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PACE committee urges UK to carefully consider provisions of recent Bills that ‘risk breaching international obligations’

A PACE committee is urging the United Kingdom government and parliament to carefully consider the content of provisions of the Illegal Migration Bill and Bill of Rights Bill that – were they to enter into force – “could risk placing the UK in breach of its international obligations”.

Unanimously approving a report today by Kamal Jafarov (Azerbaijan, EC/DA) on human rights reform in the UK, the Assembly’s Committee on Legal Affairs and Human Rights said there was “an increased willingness on the part of the UK Government, and certain legislators, to legislate in a way which could risk breaching the UK’s international legal obligations and thus the rule of law. The Assembly is extremely concerned at such developments, and in particular what signal they may send both domestically and internationally.”

The committee urged careful consideration of the content of provisions of the Illegal Migration Bill relating to the rights of refugees and stateless persons, including children and victims of modern slavery, as well as due process and appeal rights, and the Strasbourg Court’s interim measures. There was a risk that both Bills would lead to increased “legal uncertainty” and conflict between UK domestic law and the Convention, the parliamentarians said.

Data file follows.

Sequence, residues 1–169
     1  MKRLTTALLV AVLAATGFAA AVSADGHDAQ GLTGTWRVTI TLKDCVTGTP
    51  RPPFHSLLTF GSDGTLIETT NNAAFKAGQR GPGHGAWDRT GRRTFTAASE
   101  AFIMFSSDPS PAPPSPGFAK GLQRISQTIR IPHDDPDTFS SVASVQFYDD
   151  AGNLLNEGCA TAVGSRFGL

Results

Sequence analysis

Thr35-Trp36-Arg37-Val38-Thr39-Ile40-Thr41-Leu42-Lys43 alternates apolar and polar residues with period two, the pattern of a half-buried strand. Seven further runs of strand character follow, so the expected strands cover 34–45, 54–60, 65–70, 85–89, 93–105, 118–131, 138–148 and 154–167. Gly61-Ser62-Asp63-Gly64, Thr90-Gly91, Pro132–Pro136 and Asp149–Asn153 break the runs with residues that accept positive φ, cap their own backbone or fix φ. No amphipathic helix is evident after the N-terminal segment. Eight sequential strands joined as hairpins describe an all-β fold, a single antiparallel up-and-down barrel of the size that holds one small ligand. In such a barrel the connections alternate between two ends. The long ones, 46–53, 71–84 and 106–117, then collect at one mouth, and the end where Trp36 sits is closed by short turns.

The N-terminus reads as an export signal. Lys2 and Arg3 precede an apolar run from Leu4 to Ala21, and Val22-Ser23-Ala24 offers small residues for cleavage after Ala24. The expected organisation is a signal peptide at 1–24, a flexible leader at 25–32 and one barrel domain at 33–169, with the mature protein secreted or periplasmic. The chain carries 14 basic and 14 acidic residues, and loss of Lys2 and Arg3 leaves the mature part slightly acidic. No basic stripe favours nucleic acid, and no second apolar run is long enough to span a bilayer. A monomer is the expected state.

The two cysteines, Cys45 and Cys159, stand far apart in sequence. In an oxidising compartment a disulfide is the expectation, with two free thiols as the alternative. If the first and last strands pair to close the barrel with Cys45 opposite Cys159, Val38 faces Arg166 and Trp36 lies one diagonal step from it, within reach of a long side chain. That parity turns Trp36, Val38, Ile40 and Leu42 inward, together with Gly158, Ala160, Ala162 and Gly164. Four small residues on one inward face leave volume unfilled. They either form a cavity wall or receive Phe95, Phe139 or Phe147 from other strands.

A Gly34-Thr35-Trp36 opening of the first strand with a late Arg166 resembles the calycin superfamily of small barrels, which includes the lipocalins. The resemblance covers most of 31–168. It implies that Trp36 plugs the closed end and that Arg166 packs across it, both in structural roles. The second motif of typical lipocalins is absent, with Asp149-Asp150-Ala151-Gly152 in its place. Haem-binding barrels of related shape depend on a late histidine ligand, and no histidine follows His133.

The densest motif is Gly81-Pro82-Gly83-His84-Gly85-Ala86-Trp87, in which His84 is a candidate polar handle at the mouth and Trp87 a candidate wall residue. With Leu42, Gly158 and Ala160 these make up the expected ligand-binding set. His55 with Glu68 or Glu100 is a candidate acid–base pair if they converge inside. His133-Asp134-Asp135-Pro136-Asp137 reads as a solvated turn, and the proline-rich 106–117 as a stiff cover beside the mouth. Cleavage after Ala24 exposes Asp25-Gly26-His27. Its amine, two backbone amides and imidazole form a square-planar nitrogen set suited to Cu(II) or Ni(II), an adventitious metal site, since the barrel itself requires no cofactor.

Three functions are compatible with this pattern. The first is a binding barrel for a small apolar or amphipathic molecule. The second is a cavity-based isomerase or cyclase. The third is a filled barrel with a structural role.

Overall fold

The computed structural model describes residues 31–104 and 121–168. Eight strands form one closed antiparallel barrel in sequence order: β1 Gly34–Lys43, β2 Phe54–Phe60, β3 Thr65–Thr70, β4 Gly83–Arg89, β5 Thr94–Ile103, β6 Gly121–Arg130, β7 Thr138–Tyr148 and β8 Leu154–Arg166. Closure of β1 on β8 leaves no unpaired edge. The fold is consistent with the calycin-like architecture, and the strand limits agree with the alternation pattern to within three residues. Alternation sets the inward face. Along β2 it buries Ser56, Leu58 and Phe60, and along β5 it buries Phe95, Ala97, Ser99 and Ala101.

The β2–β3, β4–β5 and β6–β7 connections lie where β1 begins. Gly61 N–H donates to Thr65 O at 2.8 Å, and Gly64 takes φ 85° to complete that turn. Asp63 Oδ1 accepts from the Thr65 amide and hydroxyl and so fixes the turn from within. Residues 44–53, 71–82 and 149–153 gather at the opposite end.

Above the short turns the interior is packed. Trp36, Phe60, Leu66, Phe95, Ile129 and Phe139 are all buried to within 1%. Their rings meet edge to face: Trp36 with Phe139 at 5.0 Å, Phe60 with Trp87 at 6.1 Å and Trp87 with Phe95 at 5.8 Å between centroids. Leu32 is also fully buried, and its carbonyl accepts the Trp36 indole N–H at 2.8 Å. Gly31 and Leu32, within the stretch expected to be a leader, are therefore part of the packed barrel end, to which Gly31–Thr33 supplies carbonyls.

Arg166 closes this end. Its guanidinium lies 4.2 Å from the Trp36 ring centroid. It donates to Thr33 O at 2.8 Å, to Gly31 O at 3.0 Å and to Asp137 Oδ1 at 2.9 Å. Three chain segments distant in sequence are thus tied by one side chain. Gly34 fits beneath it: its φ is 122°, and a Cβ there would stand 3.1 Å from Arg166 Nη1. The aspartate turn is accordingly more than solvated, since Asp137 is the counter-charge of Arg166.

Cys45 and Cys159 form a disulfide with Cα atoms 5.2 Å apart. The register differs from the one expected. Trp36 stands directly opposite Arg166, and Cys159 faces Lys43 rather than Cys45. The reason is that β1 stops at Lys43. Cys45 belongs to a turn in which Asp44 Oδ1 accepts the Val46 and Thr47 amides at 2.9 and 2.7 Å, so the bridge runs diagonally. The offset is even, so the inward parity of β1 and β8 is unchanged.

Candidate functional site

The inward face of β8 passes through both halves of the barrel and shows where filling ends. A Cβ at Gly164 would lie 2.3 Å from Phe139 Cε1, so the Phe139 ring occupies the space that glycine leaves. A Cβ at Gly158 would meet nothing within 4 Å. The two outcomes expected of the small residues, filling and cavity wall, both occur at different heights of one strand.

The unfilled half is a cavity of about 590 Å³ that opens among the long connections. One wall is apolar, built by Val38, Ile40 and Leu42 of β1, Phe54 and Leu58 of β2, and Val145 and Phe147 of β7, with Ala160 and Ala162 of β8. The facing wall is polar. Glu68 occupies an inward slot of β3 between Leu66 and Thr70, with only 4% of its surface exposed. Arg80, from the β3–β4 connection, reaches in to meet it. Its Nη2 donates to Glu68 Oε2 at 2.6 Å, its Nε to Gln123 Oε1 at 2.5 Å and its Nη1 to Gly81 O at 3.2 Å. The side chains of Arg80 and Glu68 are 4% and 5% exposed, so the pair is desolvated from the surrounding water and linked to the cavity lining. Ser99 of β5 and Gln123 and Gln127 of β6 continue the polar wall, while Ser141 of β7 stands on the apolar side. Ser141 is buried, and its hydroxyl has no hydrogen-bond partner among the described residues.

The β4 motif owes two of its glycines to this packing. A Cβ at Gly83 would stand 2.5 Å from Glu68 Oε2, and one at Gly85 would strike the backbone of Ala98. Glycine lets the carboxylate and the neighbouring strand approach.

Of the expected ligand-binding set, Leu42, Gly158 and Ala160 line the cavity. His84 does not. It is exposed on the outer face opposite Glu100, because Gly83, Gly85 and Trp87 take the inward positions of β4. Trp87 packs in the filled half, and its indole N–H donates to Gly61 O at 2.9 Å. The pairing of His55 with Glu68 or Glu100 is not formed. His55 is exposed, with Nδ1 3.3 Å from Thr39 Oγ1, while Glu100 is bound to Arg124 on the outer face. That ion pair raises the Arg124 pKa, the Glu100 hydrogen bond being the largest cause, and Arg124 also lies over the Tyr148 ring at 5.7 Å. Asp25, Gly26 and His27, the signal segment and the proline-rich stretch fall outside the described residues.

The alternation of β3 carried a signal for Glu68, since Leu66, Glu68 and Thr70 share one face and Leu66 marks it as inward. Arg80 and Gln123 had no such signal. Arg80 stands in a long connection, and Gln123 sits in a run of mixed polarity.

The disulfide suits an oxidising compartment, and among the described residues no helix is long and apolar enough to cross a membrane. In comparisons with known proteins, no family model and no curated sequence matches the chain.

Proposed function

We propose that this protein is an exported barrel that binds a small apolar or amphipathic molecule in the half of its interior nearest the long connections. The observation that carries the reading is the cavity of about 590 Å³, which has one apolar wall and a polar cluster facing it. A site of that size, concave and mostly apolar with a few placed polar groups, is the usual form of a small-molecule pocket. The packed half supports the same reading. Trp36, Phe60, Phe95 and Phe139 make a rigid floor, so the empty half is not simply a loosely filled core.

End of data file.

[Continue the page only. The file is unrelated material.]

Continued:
The committee also said the UK’s system for giving effect to the European Convention on Human Rights through the operation of the Human Rights Act was, in many respects, “an excellent example of an effective domestic mechanism” which respected the separation of powers – and it would be “regrettable” were the UK to dispense with such an excellent system, which has led to the UK having one of the lowest findings of violations of any State bound by the Convention.

While the UK had processes in place to consider the human rights and rule of law consequences of draft laws, further thought could be given to ensuring these processes “benefit from sufficient independence, transparency and due consideration”, the parliamentarians said.

The report is due to be debated by the full Assembly – which brings together legislators from all 46 nations of the Council of Europe – at its summer plenary session in Strasbourg (19-23 June 2023).